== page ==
Curious about Texans' reception to this concept, I asked Arola if, after teaching a few classes around the state he thought people "got" this molecular gastronomy movement? Well, Sergi obviously didn't write the marketing brochures that preceded his visits because he shied away from the label.

"First of all, all cuisine in general is molecular," he said. "If you take a T-bone and put salt and pepper on it, it's a chemical process. And to be very honest, great food doesn't need any extra label. There are only two types of cuisine. Right and wrong. Good or bad."

So, no need for the Bunsen burner, flask and goggles I brought. Bummer.

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So, You Think You Know Meat?

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For this week's Dish column, rather than eat at another restaurant, I spent time in the company of people who will ultimately choose the meats served there.

Many meat industry professionals -- the experts who work at ranches, slaughterhouses, distributorships, groceries and chain restaurants -- get their start as collegiate meat judges. Team members travel around the country, sizing up steaks and assigning grades to carcasses.

One of the first lessons competitive judges learn is how to identify various cuts. How hard is it to identify a pork chop, you say? Texas A&M has thoughtfully provided the answer through a 40-question sample retail cut identification test posted on its website. Yes, any practiced carnivore would recognize No. 39 as tripe. But just what's that hunk of flesh labeled No. 23? Betcha even IBM's Watson would struggle to come up with "mock tender roast."

Give it a go here.

Follow City of Ate on Twitter: @cityofate.

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Whole Foods Wants Me to Be Healthy.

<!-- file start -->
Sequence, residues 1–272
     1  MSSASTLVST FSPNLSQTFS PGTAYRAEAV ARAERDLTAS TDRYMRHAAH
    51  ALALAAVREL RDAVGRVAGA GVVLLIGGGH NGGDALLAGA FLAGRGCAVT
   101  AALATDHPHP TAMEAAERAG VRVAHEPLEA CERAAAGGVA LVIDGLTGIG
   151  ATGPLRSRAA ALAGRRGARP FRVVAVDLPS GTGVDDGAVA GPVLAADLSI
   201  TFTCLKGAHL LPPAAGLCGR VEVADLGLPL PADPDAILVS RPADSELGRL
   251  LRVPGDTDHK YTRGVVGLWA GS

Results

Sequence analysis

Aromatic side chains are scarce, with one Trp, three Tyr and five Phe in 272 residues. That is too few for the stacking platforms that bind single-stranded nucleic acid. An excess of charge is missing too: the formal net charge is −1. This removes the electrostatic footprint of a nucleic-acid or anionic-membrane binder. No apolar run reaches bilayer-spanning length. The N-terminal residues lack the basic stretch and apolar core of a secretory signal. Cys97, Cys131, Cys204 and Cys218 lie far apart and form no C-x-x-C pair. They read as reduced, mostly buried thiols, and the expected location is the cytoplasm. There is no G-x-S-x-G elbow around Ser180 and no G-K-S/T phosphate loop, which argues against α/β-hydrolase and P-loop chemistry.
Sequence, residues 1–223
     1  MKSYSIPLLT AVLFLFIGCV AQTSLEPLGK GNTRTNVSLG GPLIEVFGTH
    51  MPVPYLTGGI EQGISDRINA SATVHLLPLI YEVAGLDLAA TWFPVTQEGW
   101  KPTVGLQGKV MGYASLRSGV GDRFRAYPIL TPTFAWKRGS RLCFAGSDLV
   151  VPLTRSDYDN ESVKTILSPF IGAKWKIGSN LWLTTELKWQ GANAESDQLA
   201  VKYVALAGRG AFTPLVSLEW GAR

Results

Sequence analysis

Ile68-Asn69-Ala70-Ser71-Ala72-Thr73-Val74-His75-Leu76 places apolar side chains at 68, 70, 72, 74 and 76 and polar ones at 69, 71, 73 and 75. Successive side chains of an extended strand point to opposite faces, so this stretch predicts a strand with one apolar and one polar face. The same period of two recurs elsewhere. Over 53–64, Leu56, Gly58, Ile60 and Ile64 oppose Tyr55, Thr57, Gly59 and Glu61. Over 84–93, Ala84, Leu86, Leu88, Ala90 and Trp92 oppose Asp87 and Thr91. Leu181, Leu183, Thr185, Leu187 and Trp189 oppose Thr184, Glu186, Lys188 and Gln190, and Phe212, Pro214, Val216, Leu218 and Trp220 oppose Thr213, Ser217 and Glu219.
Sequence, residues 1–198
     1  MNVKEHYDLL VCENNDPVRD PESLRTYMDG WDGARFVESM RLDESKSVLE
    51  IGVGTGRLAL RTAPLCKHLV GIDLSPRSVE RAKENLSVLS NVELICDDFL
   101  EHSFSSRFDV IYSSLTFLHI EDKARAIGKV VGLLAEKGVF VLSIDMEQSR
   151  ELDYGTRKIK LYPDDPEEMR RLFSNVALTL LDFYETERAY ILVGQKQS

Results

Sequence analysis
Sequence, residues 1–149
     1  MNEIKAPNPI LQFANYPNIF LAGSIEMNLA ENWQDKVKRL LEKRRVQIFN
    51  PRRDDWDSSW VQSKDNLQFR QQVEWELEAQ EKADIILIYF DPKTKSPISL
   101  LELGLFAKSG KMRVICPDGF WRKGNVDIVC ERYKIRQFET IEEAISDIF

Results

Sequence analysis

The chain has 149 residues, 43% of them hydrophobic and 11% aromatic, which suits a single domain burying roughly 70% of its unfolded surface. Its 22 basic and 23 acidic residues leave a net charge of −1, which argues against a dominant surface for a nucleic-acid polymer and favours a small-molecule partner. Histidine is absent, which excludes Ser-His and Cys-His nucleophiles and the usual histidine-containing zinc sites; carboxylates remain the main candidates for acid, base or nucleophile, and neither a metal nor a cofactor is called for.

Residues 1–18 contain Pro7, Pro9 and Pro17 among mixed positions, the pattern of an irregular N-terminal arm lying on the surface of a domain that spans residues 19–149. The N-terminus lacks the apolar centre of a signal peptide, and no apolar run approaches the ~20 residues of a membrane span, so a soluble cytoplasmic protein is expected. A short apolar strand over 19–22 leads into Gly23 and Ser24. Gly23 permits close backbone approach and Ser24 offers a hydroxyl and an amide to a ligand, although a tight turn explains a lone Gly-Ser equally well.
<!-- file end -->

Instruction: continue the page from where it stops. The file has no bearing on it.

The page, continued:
Good Luck With That.

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Shutterstock
Anyone have a good recipes for blueberries with, say, bacon?
At least when Whole Foods Market asks you to trade in cheese-covered gristle for a sporkful of hummus, they know they're asking a lot.

So that's why they plan to hold your hand through most of it. This month the store launched the Eat Right America 28-day Challenge, a program that encourages eaters (and shoppers, of course, all those wonderful, loaded Whole Foods Shoppers) to adopt a nutrient-rich diet to "achieve optimal health." Thanks, Whole Foods. With vernacular like that, I'm already feeling better about myself.

Just to make sure you don't tip into a pile of fire ants and poly-unsaturated fats, Whole Foods won't take the training wheels off. After signing up for the 28-day challenge, participants will receive an individualized nutritional and personal assessment, a daily eating plan and a month's worth of e-mail support and access to the Eat Right America online member center.

The store offers short Saturday classes for free geared to help you retain the momentum of your nutritional evolution. This Saturday I checked out the Pantry Stocking class which, you know, taught me how to stock my pantry.

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Cake Balls: Easy to Make, Easier to Make Jokes About